Section four addresses Tertullian’s language and style. A focus on Tertullian’s language has been a mainstay in academic study of Tertullian in part because of Tertullian’s foundational role in the development of theological Latin. Sider works through several word studies before addressing the influence of the Bible, classical rhetoric, and satire on Tertullian’s style. His section on Tertullian and the Bible centers on Tertullian’s principles and methods of exegesis, and he notes the rhetorical and rabbinical roots of Tertullian’s biblical exposition. Additionally, Sider highlights the problem of authority in the relationship between Scripture, tradition (regula fidei), and the Holy Spirit in Tertullian’s writings and, in agreement with Charles Kannengiesser, calls for “a more extensive investigation of Tertullian’s understanding of the relation between “the Faith” and Scripture”, pointing out that scholarship has not gone beyond Karpp’s classic 1955 study. Brian Litfin’s 2002 dissertation is the most recent large-scale exploration of Tertullian’s exegesis. Litfin (à la Paul Blowers) argues for a narrative understanding of the regula fidei as the key to Tertullian’s hermeneutic.
While Sider mentions a few studies that find Tertullian to be largely anti-philosophic, most scholars no longer see him as anti-rationalistic. Many have found that Athens actually has much to do with Jerusalem in Tertullian’s thought, especially in relation to philosophy of the Stoic kind. Although, “Jerusalem does not need Athens because it has included and gone beyond it [in Christ],” as noted by Eric Osborn, who relentlessly relates Tertullian to Stoicism in his full-length theology.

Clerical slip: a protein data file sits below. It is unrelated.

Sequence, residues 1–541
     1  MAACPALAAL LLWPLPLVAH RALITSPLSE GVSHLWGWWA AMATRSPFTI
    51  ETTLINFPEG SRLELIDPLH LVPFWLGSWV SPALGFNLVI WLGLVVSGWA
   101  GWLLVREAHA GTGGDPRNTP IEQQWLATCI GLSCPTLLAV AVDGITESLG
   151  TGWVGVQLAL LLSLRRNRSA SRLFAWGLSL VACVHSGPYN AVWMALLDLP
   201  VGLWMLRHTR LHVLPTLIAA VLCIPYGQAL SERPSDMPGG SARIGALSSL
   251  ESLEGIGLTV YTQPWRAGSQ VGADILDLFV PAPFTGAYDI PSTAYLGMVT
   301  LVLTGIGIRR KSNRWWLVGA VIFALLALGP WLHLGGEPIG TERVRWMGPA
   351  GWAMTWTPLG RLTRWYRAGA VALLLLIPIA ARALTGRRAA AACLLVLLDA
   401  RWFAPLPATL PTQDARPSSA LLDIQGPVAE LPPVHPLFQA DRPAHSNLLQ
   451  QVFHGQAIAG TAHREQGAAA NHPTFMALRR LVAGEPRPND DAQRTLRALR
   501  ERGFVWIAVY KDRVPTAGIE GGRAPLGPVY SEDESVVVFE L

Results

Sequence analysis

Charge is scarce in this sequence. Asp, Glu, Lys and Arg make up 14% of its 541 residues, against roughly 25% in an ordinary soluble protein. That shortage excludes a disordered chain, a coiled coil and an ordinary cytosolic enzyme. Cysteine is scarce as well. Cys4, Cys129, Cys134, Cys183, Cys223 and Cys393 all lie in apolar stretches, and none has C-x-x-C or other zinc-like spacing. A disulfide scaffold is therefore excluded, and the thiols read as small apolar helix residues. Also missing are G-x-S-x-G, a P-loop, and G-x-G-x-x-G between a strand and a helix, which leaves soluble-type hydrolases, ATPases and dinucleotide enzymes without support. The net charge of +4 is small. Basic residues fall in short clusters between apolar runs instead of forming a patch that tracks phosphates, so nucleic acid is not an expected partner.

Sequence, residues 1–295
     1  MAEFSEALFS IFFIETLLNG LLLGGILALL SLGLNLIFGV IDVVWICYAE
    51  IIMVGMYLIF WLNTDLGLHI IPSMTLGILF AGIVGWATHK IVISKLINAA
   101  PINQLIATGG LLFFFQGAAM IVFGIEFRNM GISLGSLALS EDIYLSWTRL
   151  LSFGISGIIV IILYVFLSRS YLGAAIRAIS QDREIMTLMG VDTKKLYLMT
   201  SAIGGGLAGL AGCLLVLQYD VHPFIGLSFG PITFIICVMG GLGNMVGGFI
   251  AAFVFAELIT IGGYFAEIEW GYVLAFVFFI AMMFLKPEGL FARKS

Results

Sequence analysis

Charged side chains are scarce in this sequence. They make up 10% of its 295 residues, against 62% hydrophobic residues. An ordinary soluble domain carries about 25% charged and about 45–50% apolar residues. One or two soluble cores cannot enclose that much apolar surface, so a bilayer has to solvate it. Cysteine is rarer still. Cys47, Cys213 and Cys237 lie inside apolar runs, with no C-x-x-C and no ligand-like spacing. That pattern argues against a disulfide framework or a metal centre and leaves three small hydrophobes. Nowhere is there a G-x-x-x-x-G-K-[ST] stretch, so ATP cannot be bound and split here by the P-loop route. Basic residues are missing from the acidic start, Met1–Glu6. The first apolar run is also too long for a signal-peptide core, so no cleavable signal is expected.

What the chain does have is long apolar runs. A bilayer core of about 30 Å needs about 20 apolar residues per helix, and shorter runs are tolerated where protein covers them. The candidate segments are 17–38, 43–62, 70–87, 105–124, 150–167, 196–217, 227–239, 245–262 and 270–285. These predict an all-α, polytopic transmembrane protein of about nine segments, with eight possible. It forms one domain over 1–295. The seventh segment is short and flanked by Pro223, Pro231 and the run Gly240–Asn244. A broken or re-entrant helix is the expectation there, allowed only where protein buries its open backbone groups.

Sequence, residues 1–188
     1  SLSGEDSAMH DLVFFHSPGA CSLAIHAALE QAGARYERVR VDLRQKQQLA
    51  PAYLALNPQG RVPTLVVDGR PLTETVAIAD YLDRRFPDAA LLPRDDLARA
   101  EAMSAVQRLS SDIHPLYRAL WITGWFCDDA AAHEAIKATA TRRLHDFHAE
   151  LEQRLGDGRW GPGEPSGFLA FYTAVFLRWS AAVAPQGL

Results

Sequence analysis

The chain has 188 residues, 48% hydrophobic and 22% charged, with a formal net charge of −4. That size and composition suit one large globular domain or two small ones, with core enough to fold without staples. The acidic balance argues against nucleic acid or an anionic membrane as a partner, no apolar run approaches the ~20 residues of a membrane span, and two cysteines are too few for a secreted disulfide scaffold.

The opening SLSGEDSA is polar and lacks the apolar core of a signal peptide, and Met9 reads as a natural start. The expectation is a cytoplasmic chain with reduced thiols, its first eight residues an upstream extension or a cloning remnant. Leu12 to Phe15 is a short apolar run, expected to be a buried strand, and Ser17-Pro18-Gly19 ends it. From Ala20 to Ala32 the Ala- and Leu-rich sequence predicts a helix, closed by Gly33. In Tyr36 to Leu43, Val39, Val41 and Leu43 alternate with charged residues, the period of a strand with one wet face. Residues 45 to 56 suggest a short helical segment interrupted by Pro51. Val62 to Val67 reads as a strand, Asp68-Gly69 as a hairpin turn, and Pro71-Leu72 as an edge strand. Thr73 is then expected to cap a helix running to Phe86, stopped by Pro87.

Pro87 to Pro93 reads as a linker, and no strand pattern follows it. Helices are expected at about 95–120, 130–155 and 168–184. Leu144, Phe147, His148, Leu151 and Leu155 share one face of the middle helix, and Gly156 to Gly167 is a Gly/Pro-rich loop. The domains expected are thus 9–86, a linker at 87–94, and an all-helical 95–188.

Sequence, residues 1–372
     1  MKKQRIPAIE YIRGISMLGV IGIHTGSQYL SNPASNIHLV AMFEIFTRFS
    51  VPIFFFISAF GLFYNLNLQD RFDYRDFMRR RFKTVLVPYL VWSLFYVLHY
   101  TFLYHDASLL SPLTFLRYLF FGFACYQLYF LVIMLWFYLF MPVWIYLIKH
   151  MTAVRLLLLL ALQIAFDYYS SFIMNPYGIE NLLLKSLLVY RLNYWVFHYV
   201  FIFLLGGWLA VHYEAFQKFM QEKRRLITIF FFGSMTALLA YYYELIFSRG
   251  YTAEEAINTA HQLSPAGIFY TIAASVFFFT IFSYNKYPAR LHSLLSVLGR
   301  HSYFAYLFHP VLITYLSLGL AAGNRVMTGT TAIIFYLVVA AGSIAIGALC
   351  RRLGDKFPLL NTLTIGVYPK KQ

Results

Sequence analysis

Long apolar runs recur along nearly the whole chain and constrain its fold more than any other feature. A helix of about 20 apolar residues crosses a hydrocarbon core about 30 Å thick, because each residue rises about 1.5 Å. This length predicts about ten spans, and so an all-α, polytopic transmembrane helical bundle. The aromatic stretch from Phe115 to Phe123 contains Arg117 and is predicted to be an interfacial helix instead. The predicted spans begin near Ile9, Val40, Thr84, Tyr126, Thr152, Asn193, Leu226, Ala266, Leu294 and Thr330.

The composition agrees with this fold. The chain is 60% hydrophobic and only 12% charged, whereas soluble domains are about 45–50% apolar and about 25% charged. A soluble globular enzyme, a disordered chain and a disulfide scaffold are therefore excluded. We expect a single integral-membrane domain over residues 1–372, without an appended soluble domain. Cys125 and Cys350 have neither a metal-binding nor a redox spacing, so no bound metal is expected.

Sider approaches Tertullian’s theology with a methodological question – “What is the best method by which to approach the theology of Tertullian? – and then emphasizes the importance of linguistics (rhetoric, lexicography, etc.) in studying Tertullian’s theology. For a more recent treatment of rhetorical strategy and structure in Tertullian, readers are advised to consult the work of Geoffrey Dunn.
Sider focuses specifically on three aspects of Tertullian’s theology – Trinity, church, and ethics – and identifies a common theme in the study of Tertullian’s ecclesiology as “the change in his views as he moved closer to Montanism”. Rankin’s definitive 1995 study on Tertullian’s ecclesiology can be seen as the culmination of various strands of research described in Sider’s article. Additionally, Tertullian’s moral rigorism never fails to attract scholarly attention and debate, and Sider provides a helpful discussion on the issues of marriage and military service in his concluding section on Tertullian’s ethics.